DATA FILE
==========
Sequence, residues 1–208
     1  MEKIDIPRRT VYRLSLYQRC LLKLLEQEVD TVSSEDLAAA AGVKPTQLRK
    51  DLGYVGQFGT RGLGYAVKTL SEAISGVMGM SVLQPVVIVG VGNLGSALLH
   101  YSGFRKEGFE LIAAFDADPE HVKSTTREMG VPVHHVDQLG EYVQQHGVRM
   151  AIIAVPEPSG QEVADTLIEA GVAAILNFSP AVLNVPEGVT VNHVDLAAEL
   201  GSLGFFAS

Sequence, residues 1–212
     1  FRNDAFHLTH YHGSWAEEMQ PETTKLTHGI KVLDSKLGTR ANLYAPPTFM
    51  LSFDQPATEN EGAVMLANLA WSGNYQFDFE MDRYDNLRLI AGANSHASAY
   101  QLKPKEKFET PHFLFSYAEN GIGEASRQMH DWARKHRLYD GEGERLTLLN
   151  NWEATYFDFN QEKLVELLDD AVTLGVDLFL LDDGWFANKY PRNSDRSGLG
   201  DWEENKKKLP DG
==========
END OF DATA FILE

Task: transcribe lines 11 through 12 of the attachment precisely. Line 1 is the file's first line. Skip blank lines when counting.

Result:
   151  NWEATYFDFN QEKLVELLDD AVTLGVDLFL LDDGWFANKY PRNSDRSGLG
   201  DWEENKKKLP DG